“The two most beautiful words in the English language are 'Check enclosed',” wrote Dorothy Parker. But I do not agree with her. To a 'desi' like me, the most beautiful words in the English language are the ones that have the fragrance of one of the languages I love most: Urdu. Yes, English has borrowed words from Urdu, too, as it is an insatiable borrower and has borrowed words from as many as 120 languages. This is, perhaps, one of the reasons why English has one of the richest vocabularies among the world languages. At the end of the 15th century, the Portuguese landed at Indian coasts and soon the Dutch, the French and the British followed suit. But in the end it was the British that emerged victorious and with their political clout rising in the subcontinent, the assimilation of English words into Urdu began; a natural phenomenon as the language and the culture of the conquerors inevitably influence those of the conquered. As languages are somewhat like multilane highways connected with narrow alleys, the interaction between two languages is usually a two-way affair. Certain vernacular vocabulary, therefore, began to find its way into the language of the colonialists and the English language began assimilating words from yet another exotic source.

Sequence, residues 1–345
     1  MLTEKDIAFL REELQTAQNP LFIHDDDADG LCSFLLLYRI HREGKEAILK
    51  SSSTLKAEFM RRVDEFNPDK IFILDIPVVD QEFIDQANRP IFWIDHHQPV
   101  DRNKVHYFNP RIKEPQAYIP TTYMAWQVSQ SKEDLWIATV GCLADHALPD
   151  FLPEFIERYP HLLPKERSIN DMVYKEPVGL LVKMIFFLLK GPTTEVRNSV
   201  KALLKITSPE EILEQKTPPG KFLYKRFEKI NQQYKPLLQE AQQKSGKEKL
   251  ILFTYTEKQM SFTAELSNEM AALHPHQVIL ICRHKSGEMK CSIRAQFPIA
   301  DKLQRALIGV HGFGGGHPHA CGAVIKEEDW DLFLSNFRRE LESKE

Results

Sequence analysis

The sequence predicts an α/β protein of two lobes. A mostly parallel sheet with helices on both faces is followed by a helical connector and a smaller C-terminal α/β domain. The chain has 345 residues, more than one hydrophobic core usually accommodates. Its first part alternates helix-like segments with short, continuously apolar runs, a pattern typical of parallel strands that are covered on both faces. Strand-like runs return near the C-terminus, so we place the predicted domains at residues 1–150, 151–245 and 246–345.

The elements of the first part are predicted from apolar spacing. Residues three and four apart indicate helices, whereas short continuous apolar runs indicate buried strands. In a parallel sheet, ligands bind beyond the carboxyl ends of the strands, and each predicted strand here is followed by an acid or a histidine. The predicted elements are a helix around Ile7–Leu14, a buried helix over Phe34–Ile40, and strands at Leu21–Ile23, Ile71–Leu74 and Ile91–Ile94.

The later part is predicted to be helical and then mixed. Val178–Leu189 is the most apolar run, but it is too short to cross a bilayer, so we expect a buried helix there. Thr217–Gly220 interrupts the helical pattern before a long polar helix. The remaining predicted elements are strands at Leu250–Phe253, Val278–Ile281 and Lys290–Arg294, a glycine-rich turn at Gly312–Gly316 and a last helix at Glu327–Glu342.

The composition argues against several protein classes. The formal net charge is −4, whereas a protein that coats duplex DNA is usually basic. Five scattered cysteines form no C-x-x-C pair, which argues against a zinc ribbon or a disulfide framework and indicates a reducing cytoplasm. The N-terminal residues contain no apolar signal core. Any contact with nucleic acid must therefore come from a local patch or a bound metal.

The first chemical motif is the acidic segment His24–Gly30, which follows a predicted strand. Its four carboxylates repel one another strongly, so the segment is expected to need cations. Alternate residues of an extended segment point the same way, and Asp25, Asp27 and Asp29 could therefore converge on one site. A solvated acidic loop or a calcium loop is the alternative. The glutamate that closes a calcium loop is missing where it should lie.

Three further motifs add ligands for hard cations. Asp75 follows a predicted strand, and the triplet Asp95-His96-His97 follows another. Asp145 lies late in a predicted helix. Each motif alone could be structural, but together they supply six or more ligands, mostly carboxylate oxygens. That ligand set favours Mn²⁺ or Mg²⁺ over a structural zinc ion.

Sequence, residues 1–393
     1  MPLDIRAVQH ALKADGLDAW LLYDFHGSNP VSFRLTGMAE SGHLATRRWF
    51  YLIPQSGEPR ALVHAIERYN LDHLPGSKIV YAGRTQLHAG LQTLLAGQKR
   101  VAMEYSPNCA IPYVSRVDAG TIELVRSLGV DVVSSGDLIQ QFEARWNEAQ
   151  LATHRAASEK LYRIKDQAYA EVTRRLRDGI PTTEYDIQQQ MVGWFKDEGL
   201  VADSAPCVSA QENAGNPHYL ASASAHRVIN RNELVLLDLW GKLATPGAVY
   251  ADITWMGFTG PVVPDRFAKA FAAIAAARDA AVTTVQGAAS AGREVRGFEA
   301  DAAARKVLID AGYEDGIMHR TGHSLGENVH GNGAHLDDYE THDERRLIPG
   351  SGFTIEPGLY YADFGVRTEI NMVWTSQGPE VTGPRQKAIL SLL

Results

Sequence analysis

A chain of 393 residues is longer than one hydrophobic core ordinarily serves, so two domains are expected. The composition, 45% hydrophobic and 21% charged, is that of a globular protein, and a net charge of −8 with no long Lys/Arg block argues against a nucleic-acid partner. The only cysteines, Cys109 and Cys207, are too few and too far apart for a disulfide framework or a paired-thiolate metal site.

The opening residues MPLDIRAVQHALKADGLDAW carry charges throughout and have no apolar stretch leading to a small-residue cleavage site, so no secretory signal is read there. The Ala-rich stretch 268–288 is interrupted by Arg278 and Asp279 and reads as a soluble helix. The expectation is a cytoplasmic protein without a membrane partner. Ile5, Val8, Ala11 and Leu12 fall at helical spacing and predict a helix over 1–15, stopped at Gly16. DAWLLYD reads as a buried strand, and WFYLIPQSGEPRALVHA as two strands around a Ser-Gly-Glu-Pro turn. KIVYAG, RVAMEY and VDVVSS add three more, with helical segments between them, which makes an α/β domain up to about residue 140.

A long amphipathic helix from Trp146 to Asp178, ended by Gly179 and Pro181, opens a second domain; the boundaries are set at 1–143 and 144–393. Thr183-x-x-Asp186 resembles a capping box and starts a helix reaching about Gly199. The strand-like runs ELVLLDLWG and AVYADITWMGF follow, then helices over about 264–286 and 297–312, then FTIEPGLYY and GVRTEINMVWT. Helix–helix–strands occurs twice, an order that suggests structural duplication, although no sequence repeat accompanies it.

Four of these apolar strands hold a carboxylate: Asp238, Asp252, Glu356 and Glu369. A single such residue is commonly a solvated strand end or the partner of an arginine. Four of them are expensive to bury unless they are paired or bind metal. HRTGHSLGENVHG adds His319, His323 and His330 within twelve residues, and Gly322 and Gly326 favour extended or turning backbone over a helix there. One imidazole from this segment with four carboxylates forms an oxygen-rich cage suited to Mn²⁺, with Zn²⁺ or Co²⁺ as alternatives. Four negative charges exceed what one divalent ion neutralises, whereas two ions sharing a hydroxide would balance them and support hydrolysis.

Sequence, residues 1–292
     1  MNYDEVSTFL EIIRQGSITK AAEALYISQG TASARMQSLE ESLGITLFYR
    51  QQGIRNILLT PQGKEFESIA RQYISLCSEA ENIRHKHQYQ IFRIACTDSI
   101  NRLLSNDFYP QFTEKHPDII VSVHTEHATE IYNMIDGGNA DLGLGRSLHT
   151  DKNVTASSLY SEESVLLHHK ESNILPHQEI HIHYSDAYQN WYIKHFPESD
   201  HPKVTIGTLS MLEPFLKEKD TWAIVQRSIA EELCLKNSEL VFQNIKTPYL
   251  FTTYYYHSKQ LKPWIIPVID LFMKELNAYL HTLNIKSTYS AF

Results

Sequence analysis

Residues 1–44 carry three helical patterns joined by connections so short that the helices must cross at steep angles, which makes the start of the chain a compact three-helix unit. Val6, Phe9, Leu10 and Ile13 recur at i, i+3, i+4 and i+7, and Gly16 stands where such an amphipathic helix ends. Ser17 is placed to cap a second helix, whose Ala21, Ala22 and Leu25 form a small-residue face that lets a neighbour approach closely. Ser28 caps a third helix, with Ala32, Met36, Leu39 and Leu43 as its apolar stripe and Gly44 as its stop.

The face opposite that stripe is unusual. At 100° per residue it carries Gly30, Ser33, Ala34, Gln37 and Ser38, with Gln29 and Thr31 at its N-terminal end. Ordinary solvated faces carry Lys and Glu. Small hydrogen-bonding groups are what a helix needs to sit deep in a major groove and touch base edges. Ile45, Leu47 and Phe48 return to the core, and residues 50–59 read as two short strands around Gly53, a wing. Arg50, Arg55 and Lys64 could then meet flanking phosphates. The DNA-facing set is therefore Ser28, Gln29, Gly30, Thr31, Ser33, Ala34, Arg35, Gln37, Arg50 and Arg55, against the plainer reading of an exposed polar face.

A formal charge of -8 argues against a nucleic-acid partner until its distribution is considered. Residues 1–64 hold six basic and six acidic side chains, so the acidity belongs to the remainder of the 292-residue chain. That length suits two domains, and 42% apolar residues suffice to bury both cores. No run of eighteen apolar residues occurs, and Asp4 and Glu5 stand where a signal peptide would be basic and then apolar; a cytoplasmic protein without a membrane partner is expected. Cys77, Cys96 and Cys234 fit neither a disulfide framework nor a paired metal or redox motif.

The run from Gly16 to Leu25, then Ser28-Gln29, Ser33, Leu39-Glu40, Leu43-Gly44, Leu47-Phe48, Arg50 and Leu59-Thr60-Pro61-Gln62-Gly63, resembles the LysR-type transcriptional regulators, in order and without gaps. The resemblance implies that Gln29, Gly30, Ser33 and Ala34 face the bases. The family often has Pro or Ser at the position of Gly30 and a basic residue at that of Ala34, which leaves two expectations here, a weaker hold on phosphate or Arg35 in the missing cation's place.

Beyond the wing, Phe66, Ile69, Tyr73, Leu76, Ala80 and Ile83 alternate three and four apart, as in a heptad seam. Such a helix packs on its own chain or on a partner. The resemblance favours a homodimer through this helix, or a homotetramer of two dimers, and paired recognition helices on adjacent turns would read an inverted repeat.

The study of words of Indian origin borrowed by the English language is very interesting and the dictionaries enlisting such words are witness to the intriguing nature of the study that has hooked many an academic over the last several centuries. 'An Anglo-Indian Dictionary', written by George Clifford Whitworth, was perhaps the earliest of such works. First published in 1842, it was revised in 1885. In 1886, the famous work of Henry Yule and A. C. Burnell 'Hobson Jobson' appeared. In recent times, Ivor Lewis's 'Sahibs, nabobs and boxwallahs' was published by Oxford. Packed with enormous bibliographic details and references, it was a delectable addition to the commendable body of such works. About a decade ago, Dr Abdur Rahman Brahvi's 'Angrezi par Urdu ka asar' was published by the National Language Authority. Though the list does not end here, it is not too long either (and in writing this piece, I have drawn upon all these books in addition to some other).